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We all live for those peaceful moments when we can just lay down on a hammock in the backyard or just in bed at home in silence and read a good book with a cup of coffee. At those moments, we read a lot of great thoughts, and it inspires us to be creative and came up with some great ideas that we would not think of normally.
Here is a list of most inspiring books by world entrepreneurs. If you have your favorite book, let as know in comment section.
The 4-Hour Workweek by Timothy Ferriss
Forget the old concept of retirement and the rest of the deferred-life plan–there is no need to wait and every reason not to, especially in unpredictable economic times. Whether your dream is escaping the rat race, experiencing high-end world travel, earning a monthly five-figure income with zero management, or just living more and working less, The 4-Hour Workweek is the blueprint.
The Lean Startup by Eric Ries
Most startups fail. But many of those failures are preventable. The Lean Startup is a new approach being adopted across the globe, changing the way companies are built, and new products are launched.
The $100 Startup by Chris Guillebeau
Still in his early thirties, Chris is on the verge of completing a tour of every country on earth – he’s already visited more than 175 nations – and yet he’s never held a “real job” or earned a regular paycheck. Rather, he has a special genius for turning ideas into income, and he uses what he earns both to support his life of adventure and to give back.
Good to Great by Jim Collins
“Greatness” is defined as financial performance several multiples better than the market average over a sustained period. Collins finds the main factor for achieving the transition to be a narrow focusing of the company’s resources on their field of competence.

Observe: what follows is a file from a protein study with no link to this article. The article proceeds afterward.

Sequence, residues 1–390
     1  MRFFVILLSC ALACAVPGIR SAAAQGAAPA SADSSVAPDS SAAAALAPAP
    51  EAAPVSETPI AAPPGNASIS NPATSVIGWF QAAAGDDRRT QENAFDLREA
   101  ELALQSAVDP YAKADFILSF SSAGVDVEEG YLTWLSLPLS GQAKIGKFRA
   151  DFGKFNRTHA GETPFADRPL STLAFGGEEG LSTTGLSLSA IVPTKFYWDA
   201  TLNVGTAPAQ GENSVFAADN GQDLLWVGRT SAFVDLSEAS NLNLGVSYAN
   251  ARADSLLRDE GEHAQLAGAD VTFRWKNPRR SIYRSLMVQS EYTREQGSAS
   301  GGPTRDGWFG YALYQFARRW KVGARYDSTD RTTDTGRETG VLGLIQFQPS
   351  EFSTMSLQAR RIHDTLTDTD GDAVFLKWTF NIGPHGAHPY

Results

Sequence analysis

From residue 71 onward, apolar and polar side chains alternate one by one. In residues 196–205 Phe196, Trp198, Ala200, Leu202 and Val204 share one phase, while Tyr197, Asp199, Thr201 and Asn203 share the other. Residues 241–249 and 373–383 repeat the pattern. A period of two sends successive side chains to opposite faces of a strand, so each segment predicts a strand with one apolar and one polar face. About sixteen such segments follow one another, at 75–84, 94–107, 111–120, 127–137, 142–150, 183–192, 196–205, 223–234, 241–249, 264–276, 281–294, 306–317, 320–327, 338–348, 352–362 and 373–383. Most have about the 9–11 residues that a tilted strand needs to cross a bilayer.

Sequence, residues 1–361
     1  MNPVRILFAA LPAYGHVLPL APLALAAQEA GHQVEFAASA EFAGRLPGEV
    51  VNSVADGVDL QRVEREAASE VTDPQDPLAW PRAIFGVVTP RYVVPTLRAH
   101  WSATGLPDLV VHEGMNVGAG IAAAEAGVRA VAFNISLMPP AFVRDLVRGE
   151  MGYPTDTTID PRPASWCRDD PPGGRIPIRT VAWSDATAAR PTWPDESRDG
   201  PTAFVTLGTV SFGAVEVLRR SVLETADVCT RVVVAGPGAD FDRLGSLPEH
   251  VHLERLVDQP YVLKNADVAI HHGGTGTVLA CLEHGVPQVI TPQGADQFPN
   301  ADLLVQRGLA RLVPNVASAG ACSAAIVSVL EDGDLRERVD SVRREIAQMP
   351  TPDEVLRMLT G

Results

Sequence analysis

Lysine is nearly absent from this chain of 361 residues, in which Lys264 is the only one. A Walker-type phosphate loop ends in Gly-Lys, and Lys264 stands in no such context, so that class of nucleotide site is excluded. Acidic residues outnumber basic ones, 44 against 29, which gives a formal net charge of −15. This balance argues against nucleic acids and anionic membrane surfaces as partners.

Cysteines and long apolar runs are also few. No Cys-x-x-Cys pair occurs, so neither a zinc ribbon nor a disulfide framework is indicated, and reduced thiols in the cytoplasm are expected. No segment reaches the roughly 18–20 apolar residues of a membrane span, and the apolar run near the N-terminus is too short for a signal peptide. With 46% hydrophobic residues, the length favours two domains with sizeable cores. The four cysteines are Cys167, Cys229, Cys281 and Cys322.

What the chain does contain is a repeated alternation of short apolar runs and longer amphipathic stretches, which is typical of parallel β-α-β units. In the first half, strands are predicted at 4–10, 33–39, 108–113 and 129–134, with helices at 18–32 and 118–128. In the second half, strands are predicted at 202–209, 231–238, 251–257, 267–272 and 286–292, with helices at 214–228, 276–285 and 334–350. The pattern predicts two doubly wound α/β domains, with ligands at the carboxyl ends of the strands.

Think and Grow Rich by Napoleon Hill
The text of Think and Grow Rich is founded on Hill’s earlier work The Law of Success, the result of more than twenty years of research based on Hill’s close association with a large number of individuals who achieved great wealth during their lifetimes.
The Obstacle Is the Way by Ryan Holiday
If you’re feeling frustrated, demoralised, or stuck in a rut, this book can help you turn your problems into your biggest advantages. And along the way, it will inspire you with dozens of true stories of the greats from every age and era.
How to Win Friends & Influence People by Dale Carnegie
Learn the six ways to make people like you, the twelve ways to win people to your way of thinking, and the nine ways to change people without arousing resentment.
Blink by Malcolm Gladwell
Blink reveals that great decision makers aren’t those who process the most information or spend the most time deliberating, but those who have perfected the art of “thin-slicing”-filtering the very few factors that matter from an overwhelming number of variables.
Reality Check by Guy Kawasaki
Reality Check is Kawasaki’s all-in-one guide for starting and operating great organizations-ones that stand the test of time and ignore any passing fads in business theory. This indispensable volume collects, updates, and expands the best entries from his popular blog and features his inimitable take on everything from effective e-mailing to sucking up to preventing “bozo explosions.”
Lean In by Sheryl Sandberg
Written with both humour and wisdom, Sandberg’s book is an inspiring call to action and a blueprint for individual growth. Lean In is destined to change the conversation from what women can’t do to what they can.